Micaela Almonester was born November 6, 1795. She was confided to the care of the Ursuline Nuns for her education. When not quite sixteen years of age she was married to Joseph Xavier Celestin Delfau de Pontalba. The contracting parties were cousins, although not of near kinship. The groom was a few years the senior of the bride he having been born July 6, 1791. Their marriage was solemnized October 23, 1811, by Fr. Antonio de Sedella. The record thereof is elaborate and interesting, setting forth the among other things that the sponsor or protector of the marriage was the renowned French Marshal, Michel Ney, Duke of Elchingen, who, by procuration, was represented by Bernard de Marigny y Mandeville.
In the year of their wedding the youthful couple embarked for France. There they established their residence. Many years elapsed. The marriage was an unhappy one, and the discord between the spouses resulted in a separation from bed and board.
Having returned to New Orleans Mme. de Pontalba proceeded with her purpose of improving her property. This property, facing the Place d'Armes, had been owned by her father, who had bought the ground from the city, the city having acquired it by grant in 1770 from O'Reilly, acting in the name of the King of Spain. Upon this p41ground Almonester had put up buildings of which the lower portion was used for shops and the upper portion was used for residences.
By Act of March 8, 1836, the legislature had divided the city into three municipalities, in the first of which lay this property of Mme. de Pontalba.
In a communication from her by her agents, which on August 26, 1846, had been brought before the council of Municipality No. One, it is set forth that Madame de Pontalba desiring to aid in the embellishment of her native city proposes to cause to be torn down the two rows of buildings fronting the Place d'Armes, from Chartres and Conde Streets to the levee and to replace these buildings by edifices according to the plan submitted to the Council, but that she will consent to carry out this project only if seconded by the Council.
Reference is then made to certain arcades already proposed on St. Peter and St. Anne streets, opposite the Place d'Armes. The communication further sets forth that Mme. de Pontalba's intention being to cause to be constructed edifices much more important than those proposed at that date, the following requests are made:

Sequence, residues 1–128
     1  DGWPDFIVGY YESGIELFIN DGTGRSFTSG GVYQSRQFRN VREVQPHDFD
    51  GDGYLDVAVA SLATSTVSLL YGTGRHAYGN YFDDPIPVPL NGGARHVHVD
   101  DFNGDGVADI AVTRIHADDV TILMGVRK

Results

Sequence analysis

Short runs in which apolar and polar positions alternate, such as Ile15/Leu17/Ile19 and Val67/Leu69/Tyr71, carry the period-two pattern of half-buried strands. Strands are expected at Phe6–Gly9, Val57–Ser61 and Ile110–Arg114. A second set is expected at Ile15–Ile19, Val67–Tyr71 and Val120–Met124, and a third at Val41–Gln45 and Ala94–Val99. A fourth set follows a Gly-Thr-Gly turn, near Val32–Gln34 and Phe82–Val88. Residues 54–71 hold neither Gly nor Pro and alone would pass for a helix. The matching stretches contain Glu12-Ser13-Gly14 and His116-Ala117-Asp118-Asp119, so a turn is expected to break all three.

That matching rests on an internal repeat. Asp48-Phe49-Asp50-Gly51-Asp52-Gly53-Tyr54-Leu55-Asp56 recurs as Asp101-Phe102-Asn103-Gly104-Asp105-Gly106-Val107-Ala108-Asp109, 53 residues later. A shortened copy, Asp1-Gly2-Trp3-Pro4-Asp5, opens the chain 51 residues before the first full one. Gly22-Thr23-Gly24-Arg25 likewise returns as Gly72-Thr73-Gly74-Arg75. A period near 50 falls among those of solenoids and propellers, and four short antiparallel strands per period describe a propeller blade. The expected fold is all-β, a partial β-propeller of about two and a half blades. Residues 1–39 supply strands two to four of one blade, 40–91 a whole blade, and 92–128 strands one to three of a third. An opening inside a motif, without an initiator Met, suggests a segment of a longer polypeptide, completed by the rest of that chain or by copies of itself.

First, that the authorization for the construction of the arcades be enlarged with regard to the position of the columns supporting the arcades.
In the second place that the new edifices be exempt from city taxation for twenty years from the date of their completion.
The Council among other resolutions bearing upon this proposal adopted one which declared that from the completion of the edifices which Mme. de Pontalba proposes to erect opposite the Place d'Armes according to the plans annexed to her petition, these structures shall be free from the payment of city taxes for this the period of twenty years; provided that the entire front of said structures in St. Peter and St. Anne streets shall be finished in all particulars according to the plans furnished.
On August 6, 1849, there was brought before the Council a letter from Mme. de Pontalba stating that, relying upon the resolution in her behalf, she had contracted with Stewart & Co. for the demolition and reconstruction of that part of the Place d'Armes forming on one side the corner of Chartres and St. Peter and on the other, the corner of St. Peter and Levee.
At the same session of the Council claiming that she had not complied with her contract, and that they were without authority to grant such privileges, declined to recognize the exemption.
Notwithstanding the refusal of the exemption, Mme. de Pontalba persisted in her purpose and enriched the city with architectural p42adornment. As appears from the chronicles of the Council her plan as time sped by underwent alteration and grew gradually in grandeur producing in final development the stately rows of buildings flanking the northerly and southerly sides of the Place d'Armes.
By the end of 1850, the structures known as the Pontalba buildings were finished. An item in the Delta of January 3, 1851, refers to their recent completion. They aroused the admiration of the citizens. Even in their tarnished beauty they are fair to look upon and please the sight by their noble proportions; their spacious verandas; and the elegance of the tendril-like iron work which, enclosing the balconies and protecting the little windows aligned below the cornice, displays with frequent repetition the interlaced initials of the families of Almonester and Pontalba.b
About the date of Mme. de Pontalba's visit, the Place d'Armes was a portion of enclosed ground, provided with benches, and divided by pathways into patches overgrown with common grass. Along the inner side of the iron railing which surrounded it, extended aº broad and shell-paved avenue over which swayed and rustled the ample leafage of a double row of sycamores.
At the centre of the Place there was a cannon, the "evening gun," whose report was the signal for the slaves to retire from the streets. With the progress of the night, the watchman at the Cabildo announced the flight of time, and, as he proclaimed the passing of the hours, added the assurance that all was well.